Micro enterprise- firm's Investment in plant and machinery excluding land and building for enterprises engaged in manufacturing or production, processing or preservation of goods not more than 25 lakhs. 
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Apart from the insightful responses of the colleagues, the attached link, concerning the question, may be helpful.
Regards
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Integration can be found in examples such as integrated supply chains, integrated design for buildings, and the integration of IS/IT within an enterprise.  I am looking for papers about how integration is measured and used as a construct when evaluating the integration of a new paradigm within or across different business functions.  A new paradigm for this application of integration I am particularly interested in is sustainability.  Thank you in advance for any help toward this matter.
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Thank you for the responses.  I am also interested in how integration and sustainability, environmental, or green constructs  have been measured and used in the literature.
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Introduction.
A. The Asian Infrastructure Investment Bank (AIIB) will “provide financing to any entity or enterprise operating in the territory of a AIIB’s member, as well as to international or regional agencies or entities concerned with economic development of the Asia region.”
The AIIB’s strategic goals are:
1. sustainable infrastructure development
2. cross country connectivity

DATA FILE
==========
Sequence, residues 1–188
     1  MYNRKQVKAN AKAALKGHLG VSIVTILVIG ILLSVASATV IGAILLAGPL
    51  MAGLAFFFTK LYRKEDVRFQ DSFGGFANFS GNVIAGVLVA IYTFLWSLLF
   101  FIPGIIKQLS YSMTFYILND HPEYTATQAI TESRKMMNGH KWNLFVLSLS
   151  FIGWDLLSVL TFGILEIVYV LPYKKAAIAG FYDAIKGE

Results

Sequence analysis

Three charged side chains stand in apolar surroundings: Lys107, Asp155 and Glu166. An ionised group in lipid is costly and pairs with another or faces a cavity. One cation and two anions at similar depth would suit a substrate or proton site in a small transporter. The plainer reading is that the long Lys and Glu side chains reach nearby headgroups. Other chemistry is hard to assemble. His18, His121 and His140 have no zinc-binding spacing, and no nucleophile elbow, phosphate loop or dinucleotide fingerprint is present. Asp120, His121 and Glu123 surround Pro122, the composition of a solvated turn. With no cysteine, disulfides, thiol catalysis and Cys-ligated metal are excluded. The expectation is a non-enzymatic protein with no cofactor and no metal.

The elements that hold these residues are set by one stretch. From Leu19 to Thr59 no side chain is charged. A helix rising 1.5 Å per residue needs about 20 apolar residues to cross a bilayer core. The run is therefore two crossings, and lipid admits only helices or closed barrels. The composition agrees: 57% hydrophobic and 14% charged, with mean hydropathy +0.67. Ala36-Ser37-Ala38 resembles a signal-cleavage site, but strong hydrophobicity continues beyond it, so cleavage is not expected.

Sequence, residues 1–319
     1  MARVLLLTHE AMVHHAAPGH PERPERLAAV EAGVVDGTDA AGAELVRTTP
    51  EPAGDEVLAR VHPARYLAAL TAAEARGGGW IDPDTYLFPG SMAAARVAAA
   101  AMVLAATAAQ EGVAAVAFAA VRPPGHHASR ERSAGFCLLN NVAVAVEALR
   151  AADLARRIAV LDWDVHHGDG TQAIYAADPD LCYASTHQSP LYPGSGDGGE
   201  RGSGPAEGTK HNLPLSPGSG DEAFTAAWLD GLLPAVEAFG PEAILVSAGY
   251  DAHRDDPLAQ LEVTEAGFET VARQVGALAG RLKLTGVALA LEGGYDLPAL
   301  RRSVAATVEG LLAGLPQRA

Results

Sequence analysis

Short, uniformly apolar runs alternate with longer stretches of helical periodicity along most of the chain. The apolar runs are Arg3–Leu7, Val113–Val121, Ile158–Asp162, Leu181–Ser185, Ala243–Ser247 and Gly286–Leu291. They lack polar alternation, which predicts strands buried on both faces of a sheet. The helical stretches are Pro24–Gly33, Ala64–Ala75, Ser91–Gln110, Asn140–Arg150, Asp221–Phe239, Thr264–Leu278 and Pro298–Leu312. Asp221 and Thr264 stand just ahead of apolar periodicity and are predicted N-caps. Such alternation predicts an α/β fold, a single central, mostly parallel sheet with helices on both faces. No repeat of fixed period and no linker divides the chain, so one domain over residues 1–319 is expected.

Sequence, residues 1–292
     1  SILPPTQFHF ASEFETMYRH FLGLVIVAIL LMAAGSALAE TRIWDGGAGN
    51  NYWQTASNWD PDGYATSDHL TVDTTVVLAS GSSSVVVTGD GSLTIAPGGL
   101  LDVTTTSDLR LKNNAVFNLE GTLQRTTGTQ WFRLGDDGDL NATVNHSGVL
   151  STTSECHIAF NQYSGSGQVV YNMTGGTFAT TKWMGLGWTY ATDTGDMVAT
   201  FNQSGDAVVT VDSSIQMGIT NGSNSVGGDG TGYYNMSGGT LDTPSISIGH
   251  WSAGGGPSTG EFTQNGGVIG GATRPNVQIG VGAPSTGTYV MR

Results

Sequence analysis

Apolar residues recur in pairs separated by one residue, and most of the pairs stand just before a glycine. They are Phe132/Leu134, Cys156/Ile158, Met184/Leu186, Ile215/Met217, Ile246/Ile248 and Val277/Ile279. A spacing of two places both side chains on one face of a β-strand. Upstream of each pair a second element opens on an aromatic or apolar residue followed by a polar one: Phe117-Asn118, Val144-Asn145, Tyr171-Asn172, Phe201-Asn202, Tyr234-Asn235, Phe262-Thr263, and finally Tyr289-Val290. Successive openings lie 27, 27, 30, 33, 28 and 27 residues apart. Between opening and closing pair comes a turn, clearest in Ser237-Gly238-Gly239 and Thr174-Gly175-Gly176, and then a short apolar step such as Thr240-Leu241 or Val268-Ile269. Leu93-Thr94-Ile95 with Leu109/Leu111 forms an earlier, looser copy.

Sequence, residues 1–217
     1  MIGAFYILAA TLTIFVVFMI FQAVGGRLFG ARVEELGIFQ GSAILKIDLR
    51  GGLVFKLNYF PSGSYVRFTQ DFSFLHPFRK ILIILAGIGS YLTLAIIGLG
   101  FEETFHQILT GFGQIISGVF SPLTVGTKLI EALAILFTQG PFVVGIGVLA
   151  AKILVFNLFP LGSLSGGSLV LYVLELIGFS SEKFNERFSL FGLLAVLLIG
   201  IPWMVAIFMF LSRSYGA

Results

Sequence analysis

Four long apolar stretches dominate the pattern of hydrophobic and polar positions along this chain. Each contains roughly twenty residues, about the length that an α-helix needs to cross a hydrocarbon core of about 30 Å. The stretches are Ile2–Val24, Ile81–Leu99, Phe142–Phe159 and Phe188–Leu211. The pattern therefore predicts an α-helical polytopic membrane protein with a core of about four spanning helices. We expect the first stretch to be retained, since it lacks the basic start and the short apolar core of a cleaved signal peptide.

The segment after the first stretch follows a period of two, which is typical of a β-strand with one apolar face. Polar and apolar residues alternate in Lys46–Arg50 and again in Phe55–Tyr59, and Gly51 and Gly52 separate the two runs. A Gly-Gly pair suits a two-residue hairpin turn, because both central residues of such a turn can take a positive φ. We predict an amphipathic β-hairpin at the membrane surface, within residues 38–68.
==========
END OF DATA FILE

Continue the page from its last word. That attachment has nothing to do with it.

3. catalyzing private finance .
 
B. “One Belt – One Road” (OBOR) Project is within frames of the AIIB’s mission. Therefore the investments outside Asia could also be financed by AIIB, especially railway tracks, logistic centres alongside the OBOR’s paths, general cross-continental road infrastructure.
C. I take as assumption necessity of cooperation between EU and South-East Asia region in long-term perspective (increasing PPP, number of inhabitants, regional advanced technology investments, alternative in market diversification strategy, FDI opportunities as a base for TNC expansion).
D. This is a fact that Chinese FDI placed in EU are focused on:
1. exploration of various industries know-how
2. advantages of access to the European resources within domestic market (EU market)
3. and advantages of gained specialization within a value chain.
Questions:
1. Do European companies perceive OBOR as opportunity for their development? If yes, in what categories:
a/ expansion through FDI’s,
b/ participation in foreign investment projects?
2. Where geographically could they expend? Which sectors are preferred?
3. Do the strategies of companies development very between various EU countries? Different expectations of advanced technologies countries and those where lower labour cost factor is their main competitive advantage?
4. How GDP structure impacts on interests in the OBOR development within EU? Are export orientated countries (e.g. produced in Germany goods and exported, have a significant share in German GDP) more interested in cross-country connectivity improvements, than countries utilizing this paths mainly for import?
5. Does the train road change a lot in the course of maritime cargo well-being? Could one notice other determinants refocusing the transportation means towards inland areas?
6. And finally, are the AIIB’s funds expected by EU countries as co-financial means of such infrastructure projects on the territory of EU (Poland, Slovakia, Hungry, Czech Republic, Austria, Germany or even further towards West)?
Kind regards,
Karol
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Dear Karol,
thank you for your interest in the FIW project as well as your interesting and detailed questions regarding our policy brief on the “One Belt – One Road” (OBOR) strategy.
Our policy brief approached the analysis of OBOR from an international trade perspective. To answer your question, a firm-level survey would be necessary. The results might, however, be sobering: Even if European companies would like to engage in infrastructure investment projects, we think that the probability of large-scale employment effects is pretty low given the excess capacities that China has to reduce, particularly in the construction sector. From a political point of few, the direct participation in infrastructure investments would be most desirable, as it would go along with direct employment effects.